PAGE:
You may (but you need not) choose from among the following ideas for these sets, but come up with at least one of your own.
These will be shared with the class and used next week as example words during the lecture on Talossan pronunciation and stress.
- colors (for example, red, green, blue, etc.)
- numbers (for example, the first twenty numbers -- one, two, three, etc.)
- animals (for example, horse, dog, cat, etc.)
- clothing (for example, shoe, shirt, hat, etc.)
- family relationships (for example, sister, uncle, grandfather, etc.)
- parts of the body (for example, arm, leg, knee, etc.)
- months of the year
- musical instruments
- types of fruit, or vegetables, or cheeses
- etc., etc.
Use this week to choose an existing, published English language text that you will be translating into Talossan. This can be the first few pages of a book you enjoy, or a famous speech, document, or poem. Your text should be at least 500 words in length.COURSE TRANSLATION PROJECT ASSIGNMENT:
I will make myself available to help you with your choice to ensure that the text is something first of all that you are excited about translating, and second that it contains a fair amount of different language elements (such as phrasing in both the present and past tense, etc.).
Do not be intimidated by the challenge of translating your chosen text into Talossan. One phase of the full translation will be accomplished in each week, and I will do my best to make each week's assigned task easy for you to do.
For next week, please email me either a URL where the text you have chosen is available free online, or email me the English text itself.
Those students who wish to translate a work that was originally written in a non-English language are free to choose such a work, but an English-language translation must be provided to me, and it will be this English-language translation that I will use to guide me in assessing your work.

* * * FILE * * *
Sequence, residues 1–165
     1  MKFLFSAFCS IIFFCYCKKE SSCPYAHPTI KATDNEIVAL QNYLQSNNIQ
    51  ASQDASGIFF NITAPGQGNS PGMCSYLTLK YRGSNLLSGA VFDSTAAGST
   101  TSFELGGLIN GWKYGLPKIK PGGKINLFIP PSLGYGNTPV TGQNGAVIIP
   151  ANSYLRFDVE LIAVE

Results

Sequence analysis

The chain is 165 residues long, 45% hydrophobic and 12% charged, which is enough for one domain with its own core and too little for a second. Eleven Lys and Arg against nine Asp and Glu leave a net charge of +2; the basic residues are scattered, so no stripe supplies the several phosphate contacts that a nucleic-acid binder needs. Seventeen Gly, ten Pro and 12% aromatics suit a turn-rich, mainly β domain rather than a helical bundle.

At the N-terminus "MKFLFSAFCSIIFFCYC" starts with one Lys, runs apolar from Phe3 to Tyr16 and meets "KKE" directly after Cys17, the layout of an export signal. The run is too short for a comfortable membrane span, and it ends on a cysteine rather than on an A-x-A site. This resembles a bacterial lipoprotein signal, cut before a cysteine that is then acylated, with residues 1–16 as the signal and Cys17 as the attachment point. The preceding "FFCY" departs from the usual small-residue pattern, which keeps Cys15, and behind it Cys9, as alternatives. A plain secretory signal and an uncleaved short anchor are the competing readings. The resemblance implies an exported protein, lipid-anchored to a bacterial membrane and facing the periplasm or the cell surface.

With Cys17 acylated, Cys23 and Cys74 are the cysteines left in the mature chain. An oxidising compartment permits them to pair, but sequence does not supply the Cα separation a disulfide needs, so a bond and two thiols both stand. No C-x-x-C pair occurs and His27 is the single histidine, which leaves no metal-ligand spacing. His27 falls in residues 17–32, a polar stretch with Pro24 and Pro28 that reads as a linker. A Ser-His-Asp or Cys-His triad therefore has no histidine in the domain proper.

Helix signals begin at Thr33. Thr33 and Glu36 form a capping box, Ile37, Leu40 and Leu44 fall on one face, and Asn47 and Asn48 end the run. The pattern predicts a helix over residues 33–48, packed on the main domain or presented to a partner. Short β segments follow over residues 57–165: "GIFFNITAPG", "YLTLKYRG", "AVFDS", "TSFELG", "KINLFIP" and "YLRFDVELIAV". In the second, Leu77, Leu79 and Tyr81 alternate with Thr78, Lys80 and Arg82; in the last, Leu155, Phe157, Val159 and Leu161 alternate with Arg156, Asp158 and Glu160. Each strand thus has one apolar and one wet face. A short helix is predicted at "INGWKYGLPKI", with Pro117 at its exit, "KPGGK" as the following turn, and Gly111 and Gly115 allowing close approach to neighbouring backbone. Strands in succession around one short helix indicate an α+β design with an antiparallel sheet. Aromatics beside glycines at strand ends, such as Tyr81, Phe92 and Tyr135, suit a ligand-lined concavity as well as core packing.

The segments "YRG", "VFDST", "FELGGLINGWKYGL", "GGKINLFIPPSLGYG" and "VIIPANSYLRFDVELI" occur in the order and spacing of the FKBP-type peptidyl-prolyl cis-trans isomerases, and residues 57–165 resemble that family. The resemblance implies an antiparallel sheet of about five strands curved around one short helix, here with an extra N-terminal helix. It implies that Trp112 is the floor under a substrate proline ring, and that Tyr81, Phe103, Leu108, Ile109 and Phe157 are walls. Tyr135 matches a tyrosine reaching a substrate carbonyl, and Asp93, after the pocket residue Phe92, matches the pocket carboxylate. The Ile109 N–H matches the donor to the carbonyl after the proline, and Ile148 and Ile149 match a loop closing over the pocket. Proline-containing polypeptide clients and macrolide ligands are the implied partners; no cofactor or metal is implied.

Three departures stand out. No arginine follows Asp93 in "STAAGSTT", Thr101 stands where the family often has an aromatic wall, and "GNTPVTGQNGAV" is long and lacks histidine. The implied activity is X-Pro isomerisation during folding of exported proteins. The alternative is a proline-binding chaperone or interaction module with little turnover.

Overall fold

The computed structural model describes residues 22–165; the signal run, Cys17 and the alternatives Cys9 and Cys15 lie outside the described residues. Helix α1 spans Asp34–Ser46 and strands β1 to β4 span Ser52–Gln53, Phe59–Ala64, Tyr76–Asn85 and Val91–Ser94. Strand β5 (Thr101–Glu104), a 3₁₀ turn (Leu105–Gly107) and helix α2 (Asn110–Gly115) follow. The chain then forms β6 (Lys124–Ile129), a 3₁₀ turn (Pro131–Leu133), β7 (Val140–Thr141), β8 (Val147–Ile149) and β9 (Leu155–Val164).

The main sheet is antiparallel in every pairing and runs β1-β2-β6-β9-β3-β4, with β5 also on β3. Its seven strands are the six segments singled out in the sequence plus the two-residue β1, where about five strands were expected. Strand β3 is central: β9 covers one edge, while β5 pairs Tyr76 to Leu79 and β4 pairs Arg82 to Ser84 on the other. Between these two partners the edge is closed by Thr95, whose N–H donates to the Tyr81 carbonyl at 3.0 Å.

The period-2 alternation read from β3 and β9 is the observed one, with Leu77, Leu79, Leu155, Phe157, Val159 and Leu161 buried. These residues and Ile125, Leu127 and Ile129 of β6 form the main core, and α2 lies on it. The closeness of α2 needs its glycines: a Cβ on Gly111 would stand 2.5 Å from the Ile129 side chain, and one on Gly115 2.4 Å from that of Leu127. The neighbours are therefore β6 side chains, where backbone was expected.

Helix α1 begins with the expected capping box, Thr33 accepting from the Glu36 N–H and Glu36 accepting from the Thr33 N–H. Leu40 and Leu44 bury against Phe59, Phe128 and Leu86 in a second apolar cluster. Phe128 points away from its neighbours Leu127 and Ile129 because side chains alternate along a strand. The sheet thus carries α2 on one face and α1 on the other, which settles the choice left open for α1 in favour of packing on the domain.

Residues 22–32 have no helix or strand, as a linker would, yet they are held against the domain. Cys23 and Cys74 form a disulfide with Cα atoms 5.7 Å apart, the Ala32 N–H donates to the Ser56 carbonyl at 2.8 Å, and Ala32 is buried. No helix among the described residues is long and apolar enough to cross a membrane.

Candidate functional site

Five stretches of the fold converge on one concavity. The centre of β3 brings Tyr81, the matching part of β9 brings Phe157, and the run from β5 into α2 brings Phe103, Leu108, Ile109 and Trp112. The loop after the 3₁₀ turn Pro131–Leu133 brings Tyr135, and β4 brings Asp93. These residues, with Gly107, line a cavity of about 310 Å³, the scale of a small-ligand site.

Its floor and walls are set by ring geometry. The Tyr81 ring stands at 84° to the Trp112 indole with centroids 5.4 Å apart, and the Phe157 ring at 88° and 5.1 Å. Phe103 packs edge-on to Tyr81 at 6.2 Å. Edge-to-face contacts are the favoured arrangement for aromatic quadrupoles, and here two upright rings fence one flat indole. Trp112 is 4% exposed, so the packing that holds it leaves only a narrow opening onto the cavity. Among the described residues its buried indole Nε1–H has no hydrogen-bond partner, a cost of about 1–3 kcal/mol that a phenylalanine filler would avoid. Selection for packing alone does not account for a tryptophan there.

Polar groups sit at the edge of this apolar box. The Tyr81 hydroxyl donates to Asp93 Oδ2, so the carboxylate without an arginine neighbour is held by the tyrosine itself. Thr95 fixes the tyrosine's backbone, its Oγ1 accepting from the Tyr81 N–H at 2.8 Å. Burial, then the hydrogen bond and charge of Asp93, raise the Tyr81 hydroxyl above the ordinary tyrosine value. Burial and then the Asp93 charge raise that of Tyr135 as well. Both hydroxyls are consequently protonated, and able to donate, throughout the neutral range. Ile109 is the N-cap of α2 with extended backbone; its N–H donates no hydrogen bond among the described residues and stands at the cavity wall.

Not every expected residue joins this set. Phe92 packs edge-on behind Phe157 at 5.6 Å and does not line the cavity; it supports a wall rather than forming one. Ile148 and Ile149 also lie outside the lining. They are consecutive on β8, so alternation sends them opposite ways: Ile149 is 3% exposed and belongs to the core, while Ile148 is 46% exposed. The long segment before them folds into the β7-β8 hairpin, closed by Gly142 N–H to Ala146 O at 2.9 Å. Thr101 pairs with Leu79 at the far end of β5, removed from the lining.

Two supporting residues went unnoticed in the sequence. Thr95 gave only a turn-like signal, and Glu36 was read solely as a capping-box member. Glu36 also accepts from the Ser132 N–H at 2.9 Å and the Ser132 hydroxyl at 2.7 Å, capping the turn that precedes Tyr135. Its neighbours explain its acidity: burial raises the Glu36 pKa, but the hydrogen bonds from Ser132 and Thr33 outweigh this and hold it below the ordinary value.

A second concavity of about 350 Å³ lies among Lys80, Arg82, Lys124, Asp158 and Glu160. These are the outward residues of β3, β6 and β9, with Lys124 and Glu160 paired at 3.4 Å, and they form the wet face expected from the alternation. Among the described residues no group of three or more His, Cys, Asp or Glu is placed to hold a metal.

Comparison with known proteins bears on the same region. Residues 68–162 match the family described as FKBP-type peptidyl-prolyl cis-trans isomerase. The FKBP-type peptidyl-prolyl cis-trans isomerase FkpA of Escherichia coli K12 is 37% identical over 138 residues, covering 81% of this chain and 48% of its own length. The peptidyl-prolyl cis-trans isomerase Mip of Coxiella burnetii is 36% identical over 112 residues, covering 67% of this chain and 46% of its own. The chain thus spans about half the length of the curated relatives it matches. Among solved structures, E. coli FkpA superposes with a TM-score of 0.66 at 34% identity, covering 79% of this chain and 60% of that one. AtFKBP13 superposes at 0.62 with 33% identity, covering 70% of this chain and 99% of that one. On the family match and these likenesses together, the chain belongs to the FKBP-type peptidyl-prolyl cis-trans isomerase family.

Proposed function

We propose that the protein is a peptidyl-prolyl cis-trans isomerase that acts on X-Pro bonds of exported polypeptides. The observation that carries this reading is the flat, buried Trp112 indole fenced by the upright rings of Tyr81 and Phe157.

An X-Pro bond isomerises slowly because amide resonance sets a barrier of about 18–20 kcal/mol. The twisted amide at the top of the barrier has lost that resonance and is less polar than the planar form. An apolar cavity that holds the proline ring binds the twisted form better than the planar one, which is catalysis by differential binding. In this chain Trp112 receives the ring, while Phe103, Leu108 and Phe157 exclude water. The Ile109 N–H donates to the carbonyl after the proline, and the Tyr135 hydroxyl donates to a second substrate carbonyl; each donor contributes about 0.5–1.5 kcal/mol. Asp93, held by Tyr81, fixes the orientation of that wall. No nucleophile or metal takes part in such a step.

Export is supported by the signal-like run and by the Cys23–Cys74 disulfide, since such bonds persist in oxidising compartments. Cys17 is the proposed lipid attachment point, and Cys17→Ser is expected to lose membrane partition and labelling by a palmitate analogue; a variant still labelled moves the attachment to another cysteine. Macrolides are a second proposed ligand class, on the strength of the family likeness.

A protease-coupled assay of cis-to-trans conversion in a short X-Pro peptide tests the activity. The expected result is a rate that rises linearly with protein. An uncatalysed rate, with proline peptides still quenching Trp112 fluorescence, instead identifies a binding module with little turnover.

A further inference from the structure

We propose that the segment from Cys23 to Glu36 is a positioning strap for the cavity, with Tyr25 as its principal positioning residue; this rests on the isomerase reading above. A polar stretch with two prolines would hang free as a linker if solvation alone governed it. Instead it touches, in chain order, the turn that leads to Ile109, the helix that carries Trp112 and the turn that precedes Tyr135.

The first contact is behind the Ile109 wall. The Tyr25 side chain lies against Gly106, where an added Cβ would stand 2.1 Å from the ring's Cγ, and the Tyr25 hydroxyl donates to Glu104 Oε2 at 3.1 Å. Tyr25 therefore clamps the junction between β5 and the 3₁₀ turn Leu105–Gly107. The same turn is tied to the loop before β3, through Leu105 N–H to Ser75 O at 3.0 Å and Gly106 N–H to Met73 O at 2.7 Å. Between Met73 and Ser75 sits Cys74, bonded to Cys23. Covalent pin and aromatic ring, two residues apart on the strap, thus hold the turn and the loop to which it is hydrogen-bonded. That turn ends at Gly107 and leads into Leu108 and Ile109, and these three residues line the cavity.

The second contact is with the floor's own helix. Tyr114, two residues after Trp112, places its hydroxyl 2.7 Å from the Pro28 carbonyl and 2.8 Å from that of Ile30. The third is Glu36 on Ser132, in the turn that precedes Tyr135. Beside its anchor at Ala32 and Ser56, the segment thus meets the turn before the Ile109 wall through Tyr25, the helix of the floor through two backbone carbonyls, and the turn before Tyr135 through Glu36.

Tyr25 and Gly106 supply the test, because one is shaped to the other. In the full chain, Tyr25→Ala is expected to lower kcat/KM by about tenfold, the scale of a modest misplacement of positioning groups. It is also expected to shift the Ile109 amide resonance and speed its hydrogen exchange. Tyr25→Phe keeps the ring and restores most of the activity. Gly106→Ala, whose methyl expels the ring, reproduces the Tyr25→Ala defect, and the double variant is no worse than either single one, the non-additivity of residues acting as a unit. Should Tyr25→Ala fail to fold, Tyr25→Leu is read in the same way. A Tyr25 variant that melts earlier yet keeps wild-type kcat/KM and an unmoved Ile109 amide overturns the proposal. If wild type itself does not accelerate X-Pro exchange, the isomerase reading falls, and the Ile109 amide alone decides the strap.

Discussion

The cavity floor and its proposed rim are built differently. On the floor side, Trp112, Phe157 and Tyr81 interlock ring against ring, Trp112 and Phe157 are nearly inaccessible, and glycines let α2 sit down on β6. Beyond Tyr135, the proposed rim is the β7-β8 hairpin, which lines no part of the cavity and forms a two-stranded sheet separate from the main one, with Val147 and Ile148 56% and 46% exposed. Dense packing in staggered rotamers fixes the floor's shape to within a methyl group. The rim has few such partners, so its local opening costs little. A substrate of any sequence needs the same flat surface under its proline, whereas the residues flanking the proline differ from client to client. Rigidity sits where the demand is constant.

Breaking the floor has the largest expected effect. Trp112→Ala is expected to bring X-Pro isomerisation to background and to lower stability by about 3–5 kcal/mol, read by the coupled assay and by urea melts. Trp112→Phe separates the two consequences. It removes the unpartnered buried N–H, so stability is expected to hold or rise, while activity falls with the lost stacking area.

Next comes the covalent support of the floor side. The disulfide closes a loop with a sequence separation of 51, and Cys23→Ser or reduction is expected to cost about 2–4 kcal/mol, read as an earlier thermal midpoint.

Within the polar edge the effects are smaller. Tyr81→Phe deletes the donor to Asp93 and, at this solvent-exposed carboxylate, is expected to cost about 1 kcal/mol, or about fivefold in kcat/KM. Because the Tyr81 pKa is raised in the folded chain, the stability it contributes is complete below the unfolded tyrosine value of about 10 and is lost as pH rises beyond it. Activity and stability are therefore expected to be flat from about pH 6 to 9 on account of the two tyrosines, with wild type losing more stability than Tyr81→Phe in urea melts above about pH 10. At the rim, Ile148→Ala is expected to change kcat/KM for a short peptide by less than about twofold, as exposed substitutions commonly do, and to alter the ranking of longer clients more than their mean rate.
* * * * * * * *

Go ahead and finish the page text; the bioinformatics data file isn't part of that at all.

In Week 9, all students (as part of your final project) will be assigned the task of translating a full work of published English literature. (Don't worry; I consider very short works like "The Cat In The Hat" to be literature. We are not talking about translating "War and Peace" here.) This full translation will not be due until the week after week 10, with the other parts of your final exam, so the class will have at least two weeks to work on it.
The exact work that will be translated is something that you, the students, will decide among yourself. I will also leave it to you students how to divide the work into pieces to be translated by each student. The division does not have to be equitable, as if some students wish to be responsible for longer passages than others, this is fine, and will not affect the grade of the student who may choose to be responsible for a shorter amount of text.
Your assignment for this week is simply to begin discussing among yourselves what work you will be translating. Although you do not need to have even chosen the work until Week 9 of the course, if you decide on it early, then those students who wish to get an early start can do so, and help the whole class out by making progress on the assignment using the skills they bring to the class and those they learn along the way.
The class can feel free to use a thread on the course's forum here on Wittenberg to hold this discussion, and even to work on the project throughout the course, if people get an early start.